But change we must. So our writer might very well decide to incorporate infinitives after a colon in revising his last cumulative sentence: But he resolved to resume his life: to have dinner out with friends, or spend an afternoon at a café. Of if two specific examples do not seem to bring enough energy to the new resolve, he could follow a triadic structure after the colon, omitting the first conjunction to speed the list: But he resolved to resume his life: to have dinner out with friends, spend an afternoon at a café, or even shop in a real grocery store. Or, if the writer judges that the infinitives have, spend, and shop do not build enough energy, he might unfold each into a full clause: But he resolved to resume his life: he would have dinner out with friends more often, he would spend an afternoon at a café, or he would even shop in a real grocery store from time to time. And with that revision, our writer might very well judge he’s overshot the mark, and so preserve the full verb only in the first of the three clauses and settle with elliptical constructions in the other two: he would have dinner out with friends more often, spend an afternoon at a café, or even shop in a real grocery store from time to time.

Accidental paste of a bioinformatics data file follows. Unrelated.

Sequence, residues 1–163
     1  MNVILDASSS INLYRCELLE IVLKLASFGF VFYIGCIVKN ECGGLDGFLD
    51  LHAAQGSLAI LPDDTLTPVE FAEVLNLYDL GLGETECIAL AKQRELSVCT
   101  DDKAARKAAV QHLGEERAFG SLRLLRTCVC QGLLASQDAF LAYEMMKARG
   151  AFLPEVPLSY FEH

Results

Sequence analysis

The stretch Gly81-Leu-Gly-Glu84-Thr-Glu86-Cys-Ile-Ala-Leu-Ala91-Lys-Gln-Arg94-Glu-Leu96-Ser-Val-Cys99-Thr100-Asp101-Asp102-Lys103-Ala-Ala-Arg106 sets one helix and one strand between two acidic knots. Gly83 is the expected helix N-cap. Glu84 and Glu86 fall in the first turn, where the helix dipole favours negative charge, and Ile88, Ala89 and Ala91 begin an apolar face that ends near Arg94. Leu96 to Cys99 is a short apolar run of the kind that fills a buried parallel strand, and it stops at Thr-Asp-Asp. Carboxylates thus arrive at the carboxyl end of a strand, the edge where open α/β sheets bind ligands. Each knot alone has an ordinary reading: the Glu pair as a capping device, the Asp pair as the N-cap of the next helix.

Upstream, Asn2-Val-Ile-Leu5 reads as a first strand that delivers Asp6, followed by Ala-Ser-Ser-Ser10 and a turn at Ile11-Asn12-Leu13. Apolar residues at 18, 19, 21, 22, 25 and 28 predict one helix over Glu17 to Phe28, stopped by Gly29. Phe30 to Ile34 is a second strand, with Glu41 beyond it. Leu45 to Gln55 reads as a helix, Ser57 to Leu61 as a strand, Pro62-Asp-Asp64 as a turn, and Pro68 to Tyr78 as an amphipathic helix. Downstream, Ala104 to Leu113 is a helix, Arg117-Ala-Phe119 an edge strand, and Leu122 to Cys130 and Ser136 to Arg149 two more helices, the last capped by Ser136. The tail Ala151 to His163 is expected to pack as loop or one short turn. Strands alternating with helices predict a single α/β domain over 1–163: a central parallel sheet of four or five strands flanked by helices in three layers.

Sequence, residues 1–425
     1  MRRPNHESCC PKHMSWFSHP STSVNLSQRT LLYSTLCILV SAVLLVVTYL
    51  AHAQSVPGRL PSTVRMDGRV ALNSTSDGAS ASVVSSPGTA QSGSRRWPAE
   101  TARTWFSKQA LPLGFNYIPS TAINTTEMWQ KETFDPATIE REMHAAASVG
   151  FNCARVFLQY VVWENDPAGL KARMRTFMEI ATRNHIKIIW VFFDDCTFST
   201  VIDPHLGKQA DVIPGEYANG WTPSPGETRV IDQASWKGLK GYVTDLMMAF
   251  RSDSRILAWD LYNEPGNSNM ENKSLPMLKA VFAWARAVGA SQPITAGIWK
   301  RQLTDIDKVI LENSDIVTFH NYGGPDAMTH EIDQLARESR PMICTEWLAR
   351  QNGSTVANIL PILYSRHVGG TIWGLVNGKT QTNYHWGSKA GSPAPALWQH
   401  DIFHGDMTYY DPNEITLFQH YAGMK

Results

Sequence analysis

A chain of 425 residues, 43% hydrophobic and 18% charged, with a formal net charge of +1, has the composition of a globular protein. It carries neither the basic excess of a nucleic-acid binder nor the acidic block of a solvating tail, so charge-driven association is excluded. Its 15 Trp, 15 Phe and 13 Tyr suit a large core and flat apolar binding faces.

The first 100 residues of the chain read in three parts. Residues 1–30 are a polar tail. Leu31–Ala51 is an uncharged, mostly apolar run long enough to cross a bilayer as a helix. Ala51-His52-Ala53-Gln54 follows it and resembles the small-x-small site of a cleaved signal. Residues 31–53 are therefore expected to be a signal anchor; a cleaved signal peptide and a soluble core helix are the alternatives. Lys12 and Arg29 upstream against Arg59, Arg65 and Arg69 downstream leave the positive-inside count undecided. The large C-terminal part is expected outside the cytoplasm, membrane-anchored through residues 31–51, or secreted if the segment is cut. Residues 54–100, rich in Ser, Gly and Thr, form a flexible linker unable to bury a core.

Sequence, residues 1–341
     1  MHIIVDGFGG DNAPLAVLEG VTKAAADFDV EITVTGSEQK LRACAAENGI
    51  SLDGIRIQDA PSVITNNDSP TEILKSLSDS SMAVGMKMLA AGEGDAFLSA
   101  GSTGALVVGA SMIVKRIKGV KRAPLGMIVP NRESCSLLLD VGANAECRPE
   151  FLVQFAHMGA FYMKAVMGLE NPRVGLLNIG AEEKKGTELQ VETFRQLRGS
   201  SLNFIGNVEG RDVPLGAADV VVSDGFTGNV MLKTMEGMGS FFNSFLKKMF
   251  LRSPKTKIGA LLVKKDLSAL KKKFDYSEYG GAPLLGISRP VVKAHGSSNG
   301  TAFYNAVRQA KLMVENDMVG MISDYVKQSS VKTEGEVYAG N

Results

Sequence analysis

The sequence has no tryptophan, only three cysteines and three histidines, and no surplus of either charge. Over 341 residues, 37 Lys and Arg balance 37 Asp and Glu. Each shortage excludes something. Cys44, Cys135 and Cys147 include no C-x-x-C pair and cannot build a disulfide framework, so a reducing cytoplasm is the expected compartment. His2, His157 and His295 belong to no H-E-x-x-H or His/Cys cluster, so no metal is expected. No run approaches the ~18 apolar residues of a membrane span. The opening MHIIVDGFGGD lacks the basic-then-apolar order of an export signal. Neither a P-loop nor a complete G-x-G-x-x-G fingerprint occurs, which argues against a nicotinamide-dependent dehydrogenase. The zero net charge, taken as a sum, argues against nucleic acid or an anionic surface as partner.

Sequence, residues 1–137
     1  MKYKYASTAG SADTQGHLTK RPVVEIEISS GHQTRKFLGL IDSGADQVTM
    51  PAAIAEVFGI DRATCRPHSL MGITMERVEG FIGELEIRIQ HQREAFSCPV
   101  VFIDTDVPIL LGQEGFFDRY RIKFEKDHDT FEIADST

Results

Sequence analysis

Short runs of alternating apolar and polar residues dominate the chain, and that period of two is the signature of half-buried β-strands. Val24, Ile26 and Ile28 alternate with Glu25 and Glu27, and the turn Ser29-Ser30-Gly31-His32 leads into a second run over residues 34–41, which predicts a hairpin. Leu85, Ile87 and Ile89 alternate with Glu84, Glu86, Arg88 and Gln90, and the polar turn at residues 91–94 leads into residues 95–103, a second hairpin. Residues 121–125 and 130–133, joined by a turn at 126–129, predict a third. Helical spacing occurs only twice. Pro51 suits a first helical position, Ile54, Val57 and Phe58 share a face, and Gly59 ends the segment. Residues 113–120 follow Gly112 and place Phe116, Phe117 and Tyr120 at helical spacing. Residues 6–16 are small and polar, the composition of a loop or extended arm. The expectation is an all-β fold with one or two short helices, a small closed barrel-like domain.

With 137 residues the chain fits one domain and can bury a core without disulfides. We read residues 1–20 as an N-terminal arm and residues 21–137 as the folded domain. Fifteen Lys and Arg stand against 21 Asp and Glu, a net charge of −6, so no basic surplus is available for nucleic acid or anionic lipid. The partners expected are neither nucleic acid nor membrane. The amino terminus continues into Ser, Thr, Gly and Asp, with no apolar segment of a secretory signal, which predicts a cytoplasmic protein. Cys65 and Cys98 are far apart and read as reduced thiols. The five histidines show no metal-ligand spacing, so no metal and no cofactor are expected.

Those are all substantial changes, but sometimes, too, changing merely a single word can turn a sentence around. When I first read this passage, I tripped over the word away in the second to last sentence: he, too, was one of those ghosts whose presence drifted away on the virtual ether. I read drifted away to mean left, or disappeared, but it couldn’t mean that, I thought, because remaining too long online is what is causing the presence of the ghost, and so to drift away would apparently resolve the problem of feeling ghostly. So why not drift about, and that would preserve the presence—and the subject—of perceiving oneself an electronic wraith.

Precision is difficult and precision takes time. It works by technique, analyzing what we’ve written and changing the form of our sentences, ever in the direction of specific action and movement and change—what characterize the life we’re writing about.